This was the 1960s, and Adam West tv-version Batman was the standard. So, there was a lot of slack we kids were prepared to afford the dynamic duo. However, the two sad-sack impersonators who showed up in their pyjamas couldn't fail to match even such low expectations. Their pjs had what is known as "pilling" - the little balls that form on fabric. (I learned this term, in adulthood, from a radio interview of Martha Stewart. I still don't know if that makes me feel better or worse about the whole affair.)

musicobsessive said...

Oh, the disappointments of youth! What a lovely story - it made me smile first thing on a Monday morning (not a frequent event, I have to say).

I think the 'pilling' phrase translates to 'bobbling' over here but no doubt I will be corrected by any fabric designers looking in and usually ends the life of most of my sweaters. Just as well I'm not a Batman impersonator.

Jeff said...

Thanks for the link! When I was younger I remembering a Bush album called "Deconstructed". I was only like 13 at the time and didn't follow music like I do today. When I came home all of the songs sounded nothing like the ones on the radio. It turns out the CD was a bunch of remixes of their popular hits. I was pretty devistated at the time, but now it's pretty interesting to hear different takes on the music.

Also, I'm a little embarassed to say this, but I own the first Now CD. I bought it mainly for Radiohead's "Karma Police" and Marcy Playgrounds "Sex and Candy". There were a few good songs mixed in with a lot of garbage.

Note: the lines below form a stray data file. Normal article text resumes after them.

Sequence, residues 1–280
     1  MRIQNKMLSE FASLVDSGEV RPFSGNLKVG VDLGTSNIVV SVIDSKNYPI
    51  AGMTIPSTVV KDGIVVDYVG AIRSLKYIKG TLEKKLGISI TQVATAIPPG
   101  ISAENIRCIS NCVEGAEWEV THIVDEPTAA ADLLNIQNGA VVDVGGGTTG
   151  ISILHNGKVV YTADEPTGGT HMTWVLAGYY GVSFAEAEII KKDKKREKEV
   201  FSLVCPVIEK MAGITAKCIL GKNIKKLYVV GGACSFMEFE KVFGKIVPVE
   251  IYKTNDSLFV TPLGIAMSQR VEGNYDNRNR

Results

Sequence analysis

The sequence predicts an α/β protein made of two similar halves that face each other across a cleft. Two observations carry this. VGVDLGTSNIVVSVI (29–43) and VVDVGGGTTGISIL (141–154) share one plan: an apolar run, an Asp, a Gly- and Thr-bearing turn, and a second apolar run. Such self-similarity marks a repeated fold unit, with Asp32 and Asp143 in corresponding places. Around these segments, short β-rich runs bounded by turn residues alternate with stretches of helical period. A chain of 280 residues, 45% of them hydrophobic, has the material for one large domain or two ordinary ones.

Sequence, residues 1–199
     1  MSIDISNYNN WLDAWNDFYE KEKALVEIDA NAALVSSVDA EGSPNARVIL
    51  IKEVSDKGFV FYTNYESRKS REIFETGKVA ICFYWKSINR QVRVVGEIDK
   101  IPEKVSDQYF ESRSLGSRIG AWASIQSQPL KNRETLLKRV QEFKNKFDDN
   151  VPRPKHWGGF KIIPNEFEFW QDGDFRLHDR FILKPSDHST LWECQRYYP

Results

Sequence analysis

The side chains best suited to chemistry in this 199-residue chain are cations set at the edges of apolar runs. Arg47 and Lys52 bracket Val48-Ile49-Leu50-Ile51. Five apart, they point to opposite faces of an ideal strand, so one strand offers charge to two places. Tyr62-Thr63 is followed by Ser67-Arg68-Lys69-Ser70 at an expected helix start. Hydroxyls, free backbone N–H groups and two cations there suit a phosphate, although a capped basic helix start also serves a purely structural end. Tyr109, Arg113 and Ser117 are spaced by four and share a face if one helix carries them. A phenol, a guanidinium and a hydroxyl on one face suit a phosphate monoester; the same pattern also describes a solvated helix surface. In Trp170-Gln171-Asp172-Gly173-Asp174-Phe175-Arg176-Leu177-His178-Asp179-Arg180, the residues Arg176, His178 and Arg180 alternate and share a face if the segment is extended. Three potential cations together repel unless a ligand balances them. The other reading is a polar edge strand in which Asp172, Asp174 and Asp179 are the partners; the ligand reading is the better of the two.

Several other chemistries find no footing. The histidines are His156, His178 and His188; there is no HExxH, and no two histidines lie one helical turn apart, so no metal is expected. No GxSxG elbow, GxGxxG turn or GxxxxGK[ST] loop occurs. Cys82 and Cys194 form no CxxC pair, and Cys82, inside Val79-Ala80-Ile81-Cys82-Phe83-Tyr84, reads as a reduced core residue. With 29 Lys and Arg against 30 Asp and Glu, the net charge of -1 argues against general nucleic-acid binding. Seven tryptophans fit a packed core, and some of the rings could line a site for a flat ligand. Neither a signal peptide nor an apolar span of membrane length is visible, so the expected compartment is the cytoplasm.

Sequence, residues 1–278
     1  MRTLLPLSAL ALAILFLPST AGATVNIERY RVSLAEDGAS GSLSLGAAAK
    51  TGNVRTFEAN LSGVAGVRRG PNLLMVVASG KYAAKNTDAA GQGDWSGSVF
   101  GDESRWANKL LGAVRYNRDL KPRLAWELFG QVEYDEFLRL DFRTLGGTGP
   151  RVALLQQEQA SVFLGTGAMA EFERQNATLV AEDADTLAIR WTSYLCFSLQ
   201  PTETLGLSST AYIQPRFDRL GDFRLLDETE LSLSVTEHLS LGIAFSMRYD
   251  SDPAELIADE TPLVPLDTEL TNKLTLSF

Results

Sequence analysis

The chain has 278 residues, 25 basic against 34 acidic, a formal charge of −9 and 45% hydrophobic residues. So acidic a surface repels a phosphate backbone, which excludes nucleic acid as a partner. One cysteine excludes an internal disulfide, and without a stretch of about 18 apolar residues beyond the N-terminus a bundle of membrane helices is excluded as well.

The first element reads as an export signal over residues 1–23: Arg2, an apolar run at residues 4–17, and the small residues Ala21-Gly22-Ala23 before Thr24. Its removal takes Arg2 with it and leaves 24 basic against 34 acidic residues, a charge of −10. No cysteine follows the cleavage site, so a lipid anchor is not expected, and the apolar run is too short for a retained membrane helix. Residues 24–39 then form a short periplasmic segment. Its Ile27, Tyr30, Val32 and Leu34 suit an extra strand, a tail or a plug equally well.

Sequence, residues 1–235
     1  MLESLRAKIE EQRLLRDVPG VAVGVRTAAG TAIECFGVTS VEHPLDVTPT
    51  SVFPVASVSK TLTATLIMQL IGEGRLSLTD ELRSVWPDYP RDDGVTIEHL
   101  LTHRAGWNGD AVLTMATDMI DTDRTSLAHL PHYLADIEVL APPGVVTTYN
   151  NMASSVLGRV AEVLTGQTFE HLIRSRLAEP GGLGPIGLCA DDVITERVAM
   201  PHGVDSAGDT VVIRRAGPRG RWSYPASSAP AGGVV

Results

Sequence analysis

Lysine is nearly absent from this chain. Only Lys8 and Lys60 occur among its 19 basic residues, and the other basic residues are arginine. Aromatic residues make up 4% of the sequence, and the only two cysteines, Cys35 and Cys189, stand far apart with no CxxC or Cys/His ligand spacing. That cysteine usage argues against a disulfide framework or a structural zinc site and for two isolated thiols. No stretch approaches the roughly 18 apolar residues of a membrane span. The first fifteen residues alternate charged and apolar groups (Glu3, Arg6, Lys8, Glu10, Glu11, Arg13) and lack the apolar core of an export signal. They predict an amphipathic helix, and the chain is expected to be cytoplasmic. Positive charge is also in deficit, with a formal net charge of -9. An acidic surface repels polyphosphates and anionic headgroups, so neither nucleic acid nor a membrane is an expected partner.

musicobsessive said...

Ah, the dreaded remix album. At least you kept yours. I disposed of my TOTP album in the trash as I couldn't stand to have it around. I'm not sure I'd want to listen to it even now. The one good thing about itunes and the like is that you no longer have to buy Now vol46 just to get hold of one song. As you say, you end up having to pay for all the rubbish.

Maya said...

Nice post. Recently I collected some new album songs.Listening music is my hobby.I love music.
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Jayne said...

Oh those TOTP albums! My older brother had a few, but not for the music inside, I tend to think. :)

I remember being most confused as to why Now That's What I Call Music started life with a pig in a leather jacket on the cover. Apparently (and I am sure you know this!) it was because they 'borrowed' the slogan from a Danish bacon company (Now that's what I call bacon!) and the pig was supposed to be a nod towards its bacon heritage. Like the kids that bought it would know that - I ended up thinking somehow that if you listened to too much Now music you'd end up fat.

musicobsessive said...

Maya - thanks for the compliment and keep listening. It gets better!

Jayne - Do you know, I didn't know that! In fact I have no recollection of it at all - it must've been when I wasn't paying attention. Not sure about the calorific effect of Now! but I wouldn't recommend too much listening to them under any circumstances - and you can tell your brother that the early covers weren't up to much!